Christianity Stack Exchange is a question and answer site for committed Christians, experts in Christianity and those interested in learning more. Join them; it only takes a minute:

Sign up
Here's how it works:
  1. Anybody can ask a question
  2. Anybody can answer
  3. The best answers are voted up and rise to the top

I was reading a book which made me wonder whether the true message of Jesus has been faithfully passed down to this age. I would like to know whether the Gospels have been preserved textually and linguistically like what the disciples of Jesus would be hearing at the time of Jesus?

I read that there is an Aramaic gospel but is it a translation of the Greek/Hebrew manuscripts or the original Aramaic wordings used by Jesus?

I assume that Gospel would mean sayings of Jesus, are these sayings preserved?

share|improve this question

closed as primarily opinion-based by Nathaniel, curiousdannii, Lee Woofenden, Flimzy, Matt Gutting Jun 27 at 16:21

Many good questions generate some degree of opinion based on expert experience, but answers to this question will tend to be almost entirely based on opinions, rather than facts, references, or specific expertise.If this question can be reworded to fit the rules in the help center, please edit the question.

This question goes part way to explain: Were the Gospels considered Scripture when the rest of the New Testament was written? – Mr. Mr. Jun 18 '13 at 7:51
I think this can help you What is "Manuscript Evidence" and how is it useful? – OnesimusUnbound Jun 18 '13 at 8:42
May I know why the link to the book from a Bible Scholar was removed? – JesusBoughtIslam Jun 18 '13 at 12:37
@NotMyWill-butGodsWillBedone but GodsWillBe done: Perhaps because it's not relevant to us answering your question. It's just your typical propaganda. – Simply a Christian Jun 18 '13 at 15:49
The written Gospel didn't even exist at the time of Jesus, so how could it have been preserved? – Flimzy Jan 5 '15 at 23:44
up vote -2 down vote accepted

The Gospels were written long after the crucifixion by writers who could not understand the Syrian Aramaic dialect of Jesus. One of the Church Fathers referred to an Aramaic gospel of Matthew, but from his quotes we can see that it is different to the Greek version that is common today. There is a 5th. cent. Aramaic OT (the original is in the British Museum,) and there is a modern Aramaic Bible which includes a NT, which is claimed to have descended directly from the Aramaic writings of the 1st. cent, and as close to what Jesus said as possible. Most scholars believe it to be a translation of the Church's Greek Gospels of the 2nd. cent. The Words of Jesus are as important as the "Word of God" of the OT.

Jesus trained people to be like Him. What is recorded in the NT are words to remind the teachers how they are to train converts. As long as the training is done correctly, then the words attributed to Jesus in any translation are useful.

share|improve this answer

Some of the information contained in this post requires additional references. Please edit to add citations to reliable sources that support the assertions made here. Unsourced material may be disputed or deleted.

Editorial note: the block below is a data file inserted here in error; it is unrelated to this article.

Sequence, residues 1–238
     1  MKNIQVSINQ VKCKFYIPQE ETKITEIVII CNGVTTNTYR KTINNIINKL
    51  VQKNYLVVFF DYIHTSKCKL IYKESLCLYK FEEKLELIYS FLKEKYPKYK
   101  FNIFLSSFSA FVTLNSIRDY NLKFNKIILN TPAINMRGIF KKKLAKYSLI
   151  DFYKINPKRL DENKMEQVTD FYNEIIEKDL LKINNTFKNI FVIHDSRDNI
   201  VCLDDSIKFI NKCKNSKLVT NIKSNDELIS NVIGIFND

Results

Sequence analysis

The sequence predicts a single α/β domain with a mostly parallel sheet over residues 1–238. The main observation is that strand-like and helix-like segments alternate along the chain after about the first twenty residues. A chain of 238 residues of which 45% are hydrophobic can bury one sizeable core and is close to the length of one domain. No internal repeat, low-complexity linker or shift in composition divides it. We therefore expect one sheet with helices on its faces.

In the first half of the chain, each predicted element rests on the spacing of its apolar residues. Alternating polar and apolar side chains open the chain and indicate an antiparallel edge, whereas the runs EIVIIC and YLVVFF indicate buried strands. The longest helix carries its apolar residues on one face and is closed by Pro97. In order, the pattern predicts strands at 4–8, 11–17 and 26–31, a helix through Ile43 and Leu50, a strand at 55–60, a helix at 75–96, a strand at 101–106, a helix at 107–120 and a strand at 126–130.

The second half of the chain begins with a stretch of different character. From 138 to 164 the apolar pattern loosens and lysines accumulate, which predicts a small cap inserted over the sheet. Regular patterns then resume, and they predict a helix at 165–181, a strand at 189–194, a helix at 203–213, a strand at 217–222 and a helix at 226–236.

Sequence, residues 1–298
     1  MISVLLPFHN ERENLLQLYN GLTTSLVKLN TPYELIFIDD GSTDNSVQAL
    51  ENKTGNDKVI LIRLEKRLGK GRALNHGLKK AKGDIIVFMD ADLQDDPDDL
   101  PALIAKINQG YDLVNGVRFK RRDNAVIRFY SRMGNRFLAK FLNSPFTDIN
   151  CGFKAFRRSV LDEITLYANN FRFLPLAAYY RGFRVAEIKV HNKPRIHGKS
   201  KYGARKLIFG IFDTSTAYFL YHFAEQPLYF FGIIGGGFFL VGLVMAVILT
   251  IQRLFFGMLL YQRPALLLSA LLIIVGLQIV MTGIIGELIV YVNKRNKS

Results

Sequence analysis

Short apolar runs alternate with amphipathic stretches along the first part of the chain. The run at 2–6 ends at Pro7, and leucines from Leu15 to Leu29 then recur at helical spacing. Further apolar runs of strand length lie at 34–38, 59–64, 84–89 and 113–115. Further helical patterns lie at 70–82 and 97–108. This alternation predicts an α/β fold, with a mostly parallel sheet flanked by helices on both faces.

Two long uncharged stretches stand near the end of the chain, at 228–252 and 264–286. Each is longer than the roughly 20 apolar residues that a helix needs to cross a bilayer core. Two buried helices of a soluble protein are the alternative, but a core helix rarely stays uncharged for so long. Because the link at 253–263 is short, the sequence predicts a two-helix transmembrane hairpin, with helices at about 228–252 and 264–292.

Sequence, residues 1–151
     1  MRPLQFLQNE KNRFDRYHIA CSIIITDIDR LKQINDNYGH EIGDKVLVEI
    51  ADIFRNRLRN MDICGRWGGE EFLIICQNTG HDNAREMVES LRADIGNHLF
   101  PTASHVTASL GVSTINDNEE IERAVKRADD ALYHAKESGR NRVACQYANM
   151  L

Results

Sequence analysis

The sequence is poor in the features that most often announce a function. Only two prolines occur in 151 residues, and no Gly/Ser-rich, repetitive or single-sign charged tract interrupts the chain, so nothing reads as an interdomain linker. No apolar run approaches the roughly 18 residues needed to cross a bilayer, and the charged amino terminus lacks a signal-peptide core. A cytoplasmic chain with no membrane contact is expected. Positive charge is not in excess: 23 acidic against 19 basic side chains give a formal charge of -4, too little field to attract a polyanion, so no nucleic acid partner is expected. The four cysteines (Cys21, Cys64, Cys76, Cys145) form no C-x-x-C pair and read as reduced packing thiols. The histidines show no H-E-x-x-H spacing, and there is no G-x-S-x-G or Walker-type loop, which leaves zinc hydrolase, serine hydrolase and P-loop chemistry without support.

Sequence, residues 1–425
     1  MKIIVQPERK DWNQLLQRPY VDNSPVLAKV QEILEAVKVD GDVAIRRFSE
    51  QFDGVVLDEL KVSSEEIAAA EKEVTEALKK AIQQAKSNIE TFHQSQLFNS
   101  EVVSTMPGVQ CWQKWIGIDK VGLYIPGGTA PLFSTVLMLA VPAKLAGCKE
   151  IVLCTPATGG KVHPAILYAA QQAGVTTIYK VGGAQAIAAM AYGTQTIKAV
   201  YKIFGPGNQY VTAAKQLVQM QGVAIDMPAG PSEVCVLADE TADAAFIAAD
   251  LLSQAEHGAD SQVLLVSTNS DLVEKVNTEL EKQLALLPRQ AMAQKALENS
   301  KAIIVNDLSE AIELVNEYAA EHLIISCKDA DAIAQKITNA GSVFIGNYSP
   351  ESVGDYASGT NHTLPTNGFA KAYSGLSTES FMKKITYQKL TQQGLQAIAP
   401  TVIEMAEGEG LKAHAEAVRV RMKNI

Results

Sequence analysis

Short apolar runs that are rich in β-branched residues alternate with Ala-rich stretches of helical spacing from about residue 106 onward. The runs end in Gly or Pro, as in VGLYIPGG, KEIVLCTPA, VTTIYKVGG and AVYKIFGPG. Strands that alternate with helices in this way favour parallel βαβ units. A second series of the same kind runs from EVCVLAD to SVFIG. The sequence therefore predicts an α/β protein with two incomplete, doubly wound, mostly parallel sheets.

+1 Agree totally on the point that Jesus was training people to be like Him. – Mr. Mr. Jun 18 '13 at 12:58
What evidence is there that the gospel writers did not understand the dialect Jesus spoke? – curiousdannii Jun 1 '14 at 23:47
By "long after" you mean less than 20 years. – Affable Geek Jul 20 '14 at 13:28

This is going to sound strange, but the doctrine of preservation actually says it doesn't matter if every word was exactly preserved - what we have is what is important.

As one example, there are five "variants" of the original Gettysburg Address. The text that I memorized in elementary school was actually drawn in part from each of these. I have no doubt that there are minor variations in what I memorized from what Mr. Lincoln actually said - but that's okay, because the primary points are still conveyed, and we take solace in that.

Many Christians subscribe to a doctrine of preservation that allows for this. Preservation says that the Words God intended us to have have been delivered to us. If, in fact, Jesus actually did say, "Blessed are the Cheesemakers", it doesn't matter - as a matter of Scripture, God intended that we hear "Blessed are the peacemakers" in every subsequent generation. All manner of maker of dairy products would have been cheered at the Mount, but that God desired his Children to be makers of peace was heard throughout the ages.

When Hebrews says, "In these last days He spoke through His Son," and when John says that Jesus was the Word, we understand that God was speaking. Whether those words were vocal or written is of no particular concern. Indeed, when God spoke and the world were created, we don't even know the words (or the language) He used. But, we know what we need to know.

The concern really should be, did men twist and pervert the words God would have had for us. Seeing as we have manuscript evidence that dates to within a generation, the Christian Bible's authenticity well surpasses that of any other document of its time. That we know how minor any found variants are and that no doctrine rests upon them also lends credence to the reliability of the Scriptures. Such a narrow window drastically reduces the scope in which men could twist the words of God for their own uses.

Finally, "Gospel" does not mean "sayings of Jesus." The Gospel is the "Good News" that while we were yet sinners, God loved us so much as to send his only Son, that we might have eternal life! That message is not dependent on any "Holy Toungue," unlike say, the Qu'ran, which frankly excludes the world with its arrogance that it can only be read in Arabic. Indeed, the best evidence is that they were originally recorded in Greek (possibly Matthew was originally composed in Aramaic, but we have no evidence of that), but that it is known in every language is, for us, a reflection of its perfection.

Indeed, as Mark Twain said, "Its not the things about the Bible that scare - it's the things that I do know and don't do that make me shake in my boots."

share|improve this answer
That statement was very likely never produced by Mark Twain. What is often attributed to him is, "It ain't those parts of the Bible that I can't understand that bother me, it is the parts that I do understand."--but that is probably a false attribution, too. Poor Mark gets "credited" with many weak attempts at matching his unique wit and observation. – Chelonian Jun 18 '13 at 15:48
@Chelonian I have also heard: "If God cares about us then why did he make flys?" I doubt that one too. Mark Twain was much too clever for such a simple, childish statement. – fredsbend Jun 20 '13 at 18:37